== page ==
31 May 2013

Best of Friday Photos










30 May 2013

Wednesday Works (Thursday edition) - Creepy Crawlies with 1st grade

Just two more Wednesday Works for this school year, today we feature the Creepy Crawly Critters from 1st grade.
 I use Crayola Model Magic with these guys for fast clean-up and ease in keeping parts together until they get the hang of slipping and scoring techniques. 

First step - "define" creepy crawly as something with 6 or more legs, then draw a few ideas on a piece of sketch paper.  

I cut 2-3" pieces of a hank of Twisteez wire for legs or antennas and various clay tools to give them texture.

At the next class we paint.   Here we've tried our tempera paint cakes, which the kids all liked this year but I've used watercolor paints in the past and that works just as well.

Between the forming day and the painting day I add names to the bottom with a Sharpie marker.

I'm planning on writing up a school year recap post so we can see how much we've done this year, and I can review what went well, what was just "ok", and what may have been a flop, lesson wise.   Then I'll post sporadically in the summer with some basic classroom organization and management tips as I find the time. 

Is there anything you'd like me to focus on? 
Something you're having trouble with and would like suggestions?

Send a email or comment on the blog!

Thanks for following along for this 2012-2013 school year.   I've already put some ideas down on paper for next school year so stay tuned!

26 May 2013

from Time For Kids - the Meaning of Memorial Day

Time For Kids - the Meaning of Memorial Day



Memorial Day honors the men and women who serve our country.

              Technically, summer doesn't start until June 21. But many people consider Memorial Day to be the unofficial start of the season. This year, we celebrate the holiday on May 27. Many families will heat up the grill, head to the beach or take in a big blockbuster movie. But Memorial Day has the word "memorial" in it for a reason.
Soldier Donnie Terrell, a member of the U.S. Army, carries his daughter Hailey during a parade at MacDill Air Force Base, in Tampa, Florida.
Soldier Donnie Terrell, a member of the U.S. Army, carries his daughter Hailey during a parade at MacDill Air Force Base in Tampa, Florida.
              The holiday got started on May 30, 1868, when Union General John A. Logan declared the day an occasion to decorate the graves of Civil War soldiers. Twenty years later, the name was changed to Memorial Day. On May 11, 1950, Congress passed a resolution requesting that the President issue a proclamation calling on Americans to observe each Memorial Day as a day of prayer for permanent peace and designating a period on that day when the people of the United States might unite in prayer. President Richard M. Nixon declared Memorial Day a federal holiday in 1971. Memorial Day is now observed on the last Monday of May. It is an occasion to honor the men and women who died in all wars.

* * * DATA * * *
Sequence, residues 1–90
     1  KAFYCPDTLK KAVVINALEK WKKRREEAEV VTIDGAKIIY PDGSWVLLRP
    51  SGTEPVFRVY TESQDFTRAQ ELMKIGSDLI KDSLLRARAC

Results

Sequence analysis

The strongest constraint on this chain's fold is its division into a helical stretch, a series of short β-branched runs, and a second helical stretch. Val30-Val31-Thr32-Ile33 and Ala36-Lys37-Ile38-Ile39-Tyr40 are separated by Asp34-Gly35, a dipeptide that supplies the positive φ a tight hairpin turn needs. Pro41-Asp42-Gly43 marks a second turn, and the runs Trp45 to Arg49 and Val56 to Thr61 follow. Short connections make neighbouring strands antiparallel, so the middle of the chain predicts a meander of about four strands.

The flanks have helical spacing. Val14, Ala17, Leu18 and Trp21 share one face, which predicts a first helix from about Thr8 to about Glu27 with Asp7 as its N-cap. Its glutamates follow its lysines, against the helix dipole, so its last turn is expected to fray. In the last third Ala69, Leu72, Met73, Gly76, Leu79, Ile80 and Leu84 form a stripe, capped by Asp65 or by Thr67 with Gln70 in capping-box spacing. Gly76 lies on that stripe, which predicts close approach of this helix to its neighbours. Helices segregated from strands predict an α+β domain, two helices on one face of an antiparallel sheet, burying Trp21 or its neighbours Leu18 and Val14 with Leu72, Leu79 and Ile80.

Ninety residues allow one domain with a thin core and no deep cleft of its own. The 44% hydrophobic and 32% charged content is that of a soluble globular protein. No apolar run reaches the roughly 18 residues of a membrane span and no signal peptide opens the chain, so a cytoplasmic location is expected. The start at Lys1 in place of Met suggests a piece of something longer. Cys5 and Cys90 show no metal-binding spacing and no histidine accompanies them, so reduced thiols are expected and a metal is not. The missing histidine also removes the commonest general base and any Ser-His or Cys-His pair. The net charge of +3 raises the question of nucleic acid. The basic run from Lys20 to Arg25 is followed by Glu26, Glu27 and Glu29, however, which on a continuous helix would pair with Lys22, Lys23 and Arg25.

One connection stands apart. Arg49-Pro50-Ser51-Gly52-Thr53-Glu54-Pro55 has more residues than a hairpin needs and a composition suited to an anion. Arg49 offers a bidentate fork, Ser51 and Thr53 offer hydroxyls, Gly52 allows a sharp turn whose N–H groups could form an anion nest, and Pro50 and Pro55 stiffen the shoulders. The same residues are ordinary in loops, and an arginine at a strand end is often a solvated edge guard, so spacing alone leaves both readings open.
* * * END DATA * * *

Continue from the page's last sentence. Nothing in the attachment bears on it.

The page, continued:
Remembering Those Who Served
                It is customary to mark Memorial Day by visiting graveyards and war monuments. One of the biggest Memorial Day traditions is for the President or Vice President to give a speech and lay a wreath on soldiers' graves in the largest national cemetery, Arlington National Cemetery, in Virginia. Most towns have local Memorial Day celebrations.

 Here are some ways you can honor the men and women who serve our country:

- Put flags or flowers on the graves of men and women who served in wars.
- Fly the U.S. flag at half-staff until noon.
- Visit monuments dedicated to soldiers, sailors and marines.
- Participate in a National Moment of Remembrance at 3 p.m. local time.
- March in a parade.

22 May 2013

Wednesday Works - Ice Cream Tints - 2nd grade

I'm still trying to get some new lessons into the curriculum book before the end of the school year.  We have just a few more days left so here's a new one for 2nd grade.

Since the 3rd grade version of Tints and Shades moonlight landscapes was such a hit with both kids and faculty alike, I picked up this one to give it a try with some younger students.

Using an extra large piece of paper, we used our hands to help space out 6 blocks for painting.

Each student used a small cup with white and added their table color in small spoonfuls, painting inside the divided sections of their papers.

After the paper dried, we cut out the squares and traced ice cream scoop shapes on the painted sections.

Final assembly is on a black piece of paper with scoops in order from light to dark, plus a cone and a cherry on top.

And an aside - this leads onto a Eric Carle lesson with those painted paper scraps, don't you think??  That's next years plans......

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